For enforcement efforts to be taken seriously, experts say inspections in Washington would have to be doubled or tripled. State officials concede the Division of Child Care and Early Learning is seriously understaffed and isn't making the number of inspections that it should.

"If there's anything we can do to get the net number of licensors in the field to increase, we'll do it," said Rachael Langen, who heads the state agency.

The shortfalls come at a time when pressure for child-care slots -- fueled by welfare reform and the swelling ranks of working women -- is great. Because of this, the state is reluctant to close down a problem day care.

Failing to have enough trained teachers and aides to adequately oversee groups of children is the most rampant child-care problem in the county's troubled facilities, the P-I found.

State rules dictate the maximum number of children each adult can supervise. For children from birth through 11 months old, there must be at least one adult for every four children in a center. The ratio increases with age.

The primary reason for having low ratios is the health and safety of children, according to the National Association for the Education of Young Children. If there's a fire, for example, teachers would need to be able to carry out infants. Research also shows that young children do best in small groups with a consistent caregiver.

Children in King County have been so poorly supervised that they have nearly drowned, been badly hurt by other children, gotten into bottles of bleach and prescription drugs and wandered away from their centers unnoticed, state records show.

In the case of the 13-month-old girl found at the top of the stairs, the director of Neighborhood Christian School in Bellevue, initially insisted to Isabella's mother that afternoon in 1999 that someone else must have picked up the girl.

Staff members later told investigators they hadn't been trained on how to keep track of children. The day care has since closed. The state investigator who checked up on the in home day care responsible for Matthew, the boy who wandered off last year, noted that on other occasions the provider had more children in her care than she was licensed for

"It appears she is unwilling or unable to have correct staffing ratios in her facility," the investigator's report noted.

The provider, Amy Love, had left her sister with 13 children while she shopped for birthday supplies, even though two adults were required to watch over a maximum of 12 kids.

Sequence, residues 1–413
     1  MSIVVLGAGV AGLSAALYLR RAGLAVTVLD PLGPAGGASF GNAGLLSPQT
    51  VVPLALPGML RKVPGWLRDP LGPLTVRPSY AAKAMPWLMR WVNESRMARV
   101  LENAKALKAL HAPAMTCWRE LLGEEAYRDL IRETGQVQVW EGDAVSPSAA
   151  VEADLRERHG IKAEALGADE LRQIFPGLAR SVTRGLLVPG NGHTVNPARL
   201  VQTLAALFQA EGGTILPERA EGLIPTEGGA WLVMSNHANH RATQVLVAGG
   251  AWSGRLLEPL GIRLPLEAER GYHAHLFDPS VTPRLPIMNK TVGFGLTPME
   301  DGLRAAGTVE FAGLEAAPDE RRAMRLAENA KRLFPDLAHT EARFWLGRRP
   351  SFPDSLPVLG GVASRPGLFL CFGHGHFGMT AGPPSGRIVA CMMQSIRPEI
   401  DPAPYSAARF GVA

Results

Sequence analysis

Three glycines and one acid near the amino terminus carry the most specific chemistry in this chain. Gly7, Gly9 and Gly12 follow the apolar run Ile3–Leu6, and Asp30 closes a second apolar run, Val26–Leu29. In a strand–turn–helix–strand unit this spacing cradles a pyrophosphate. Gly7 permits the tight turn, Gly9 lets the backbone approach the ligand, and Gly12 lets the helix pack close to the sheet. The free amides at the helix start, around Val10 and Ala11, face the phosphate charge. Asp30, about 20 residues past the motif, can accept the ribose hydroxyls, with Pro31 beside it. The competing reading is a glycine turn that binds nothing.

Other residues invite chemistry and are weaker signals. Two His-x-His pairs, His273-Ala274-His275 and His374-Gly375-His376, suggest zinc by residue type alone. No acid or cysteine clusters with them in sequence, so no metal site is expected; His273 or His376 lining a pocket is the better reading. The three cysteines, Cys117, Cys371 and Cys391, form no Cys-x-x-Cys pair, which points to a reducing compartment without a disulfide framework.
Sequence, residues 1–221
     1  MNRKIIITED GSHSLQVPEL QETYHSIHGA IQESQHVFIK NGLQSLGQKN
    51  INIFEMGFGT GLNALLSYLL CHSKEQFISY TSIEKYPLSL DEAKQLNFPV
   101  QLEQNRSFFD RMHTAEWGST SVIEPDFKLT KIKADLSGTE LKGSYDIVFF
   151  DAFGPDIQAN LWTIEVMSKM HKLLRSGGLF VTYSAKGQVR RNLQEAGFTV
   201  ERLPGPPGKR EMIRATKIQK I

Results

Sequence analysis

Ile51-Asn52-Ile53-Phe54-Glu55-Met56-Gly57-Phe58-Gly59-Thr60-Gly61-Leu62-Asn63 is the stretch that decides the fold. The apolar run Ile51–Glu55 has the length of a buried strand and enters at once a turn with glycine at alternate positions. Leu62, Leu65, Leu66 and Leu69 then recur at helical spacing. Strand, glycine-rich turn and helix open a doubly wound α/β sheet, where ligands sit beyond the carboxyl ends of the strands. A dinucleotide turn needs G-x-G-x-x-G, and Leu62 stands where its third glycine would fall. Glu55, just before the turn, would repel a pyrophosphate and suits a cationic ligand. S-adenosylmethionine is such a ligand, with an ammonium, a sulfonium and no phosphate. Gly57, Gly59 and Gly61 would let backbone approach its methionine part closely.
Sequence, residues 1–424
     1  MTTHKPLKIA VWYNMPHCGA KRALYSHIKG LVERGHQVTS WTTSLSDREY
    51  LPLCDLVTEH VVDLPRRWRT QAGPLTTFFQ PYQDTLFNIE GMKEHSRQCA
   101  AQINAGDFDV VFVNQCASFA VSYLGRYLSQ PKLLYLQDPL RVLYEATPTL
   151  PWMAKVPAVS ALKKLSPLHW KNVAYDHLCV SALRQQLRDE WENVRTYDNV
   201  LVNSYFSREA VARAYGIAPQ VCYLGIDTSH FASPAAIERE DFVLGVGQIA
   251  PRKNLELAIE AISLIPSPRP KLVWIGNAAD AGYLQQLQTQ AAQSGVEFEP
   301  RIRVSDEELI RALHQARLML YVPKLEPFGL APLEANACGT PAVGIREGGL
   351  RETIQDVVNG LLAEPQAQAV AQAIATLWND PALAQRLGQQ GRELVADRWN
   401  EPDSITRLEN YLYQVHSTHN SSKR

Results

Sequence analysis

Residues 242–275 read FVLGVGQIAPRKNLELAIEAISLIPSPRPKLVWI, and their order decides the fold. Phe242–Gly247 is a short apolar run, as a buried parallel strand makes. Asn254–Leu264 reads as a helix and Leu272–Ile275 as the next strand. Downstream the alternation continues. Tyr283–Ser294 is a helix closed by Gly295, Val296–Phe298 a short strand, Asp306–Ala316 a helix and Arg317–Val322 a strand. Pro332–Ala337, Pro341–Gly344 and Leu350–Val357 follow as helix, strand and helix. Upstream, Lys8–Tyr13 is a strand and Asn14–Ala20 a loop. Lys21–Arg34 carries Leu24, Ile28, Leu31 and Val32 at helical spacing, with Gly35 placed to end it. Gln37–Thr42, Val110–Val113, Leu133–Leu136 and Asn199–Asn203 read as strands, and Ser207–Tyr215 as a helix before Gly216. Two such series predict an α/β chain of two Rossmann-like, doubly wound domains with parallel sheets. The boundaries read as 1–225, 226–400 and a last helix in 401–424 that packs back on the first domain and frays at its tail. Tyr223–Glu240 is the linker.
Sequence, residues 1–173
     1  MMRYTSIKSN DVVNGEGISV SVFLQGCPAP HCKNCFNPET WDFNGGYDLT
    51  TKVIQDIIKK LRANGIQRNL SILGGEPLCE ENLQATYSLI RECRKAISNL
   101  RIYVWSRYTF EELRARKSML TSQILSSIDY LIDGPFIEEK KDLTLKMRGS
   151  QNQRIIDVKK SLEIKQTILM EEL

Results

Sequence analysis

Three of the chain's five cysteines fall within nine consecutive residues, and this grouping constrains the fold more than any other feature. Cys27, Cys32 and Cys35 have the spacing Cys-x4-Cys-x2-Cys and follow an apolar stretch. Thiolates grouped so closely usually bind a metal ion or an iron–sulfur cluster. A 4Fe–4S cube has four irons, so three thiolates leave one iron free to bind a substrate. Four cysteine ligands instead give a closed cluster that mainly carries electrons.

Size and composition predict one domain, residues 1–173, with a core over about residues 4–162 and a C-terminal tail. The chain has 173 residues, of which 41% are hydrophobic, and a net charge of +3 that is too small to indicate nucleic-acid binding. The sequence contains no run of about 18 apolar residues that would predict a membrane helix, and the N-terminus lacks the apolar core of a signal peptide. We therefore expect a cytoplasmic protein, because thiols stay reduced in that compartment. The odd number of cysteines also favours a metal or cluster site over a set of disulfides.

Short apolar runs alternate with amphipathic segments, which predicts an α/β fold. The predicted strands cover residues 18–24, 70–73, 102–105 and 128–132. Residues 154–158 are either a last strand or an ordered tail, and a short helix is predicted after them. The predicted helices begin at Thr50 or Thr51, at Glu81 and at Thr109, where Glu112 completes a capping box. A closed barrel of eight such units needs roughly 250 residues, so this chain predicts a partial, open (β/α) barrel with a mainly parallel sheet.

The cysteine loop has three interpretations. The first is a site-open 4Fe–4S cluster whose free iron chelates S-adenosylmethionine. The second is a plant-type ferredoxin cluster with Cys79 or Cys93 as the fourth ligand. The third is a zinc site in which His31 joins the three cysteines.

Love told the P-I that Matthew's disappearance was a jolt, spurring her to make her business safer and better staffed. Rather than shut her down, regulators put her on probation. Matthew's mother, who pulled him out of the day care, couldn't believe Love is still in business today.

The state requires providers to inform parents of only the most serious actions, such as placing a facility on a probationary license -- and day cares haven't always met even that requirement. Day cares investigated for abuse, neglect or serious licensing violations are under no legal obligation to inform parents, even if the allegations are found to be true.

The vacuum of information disturbs parents whose children have been placed in harm's way.

Douglas Junkins' 5-year-old son, Derek, had to be dragged out of the deep end of a Seattle swimming pool in 1998 while on a poorly supervised field trip with his child-care center. The boy didn't know how to swim.

Junkins had no idea the center was being investigated for an accident that occurred four months earlier. His request for findings in the review of the near-drowning, investigated by Child Protective Services, yielded nothing. "If it's a state-licensed facility, parents have a right to know that they've been investigated or they're on a probationary license," Junkins said.

Day-care operators say they're struggling to survive in a low-margin business beset by poor wages and high turnover. And, many argue, their livelihoods are subject to vague regulations and the subjective interpretations of licensors.

In-home providers recently formed a group -- Advocates for Provider Rights and Education -- that aims to defend embattled members and push for more consistent enforcement statewide.

"There are many providers around the state that are dealing with licensors who have become, basically, police," said Linda Tyner, president of the Washington State Family Child Care Association. "It isn't helpful for the kids."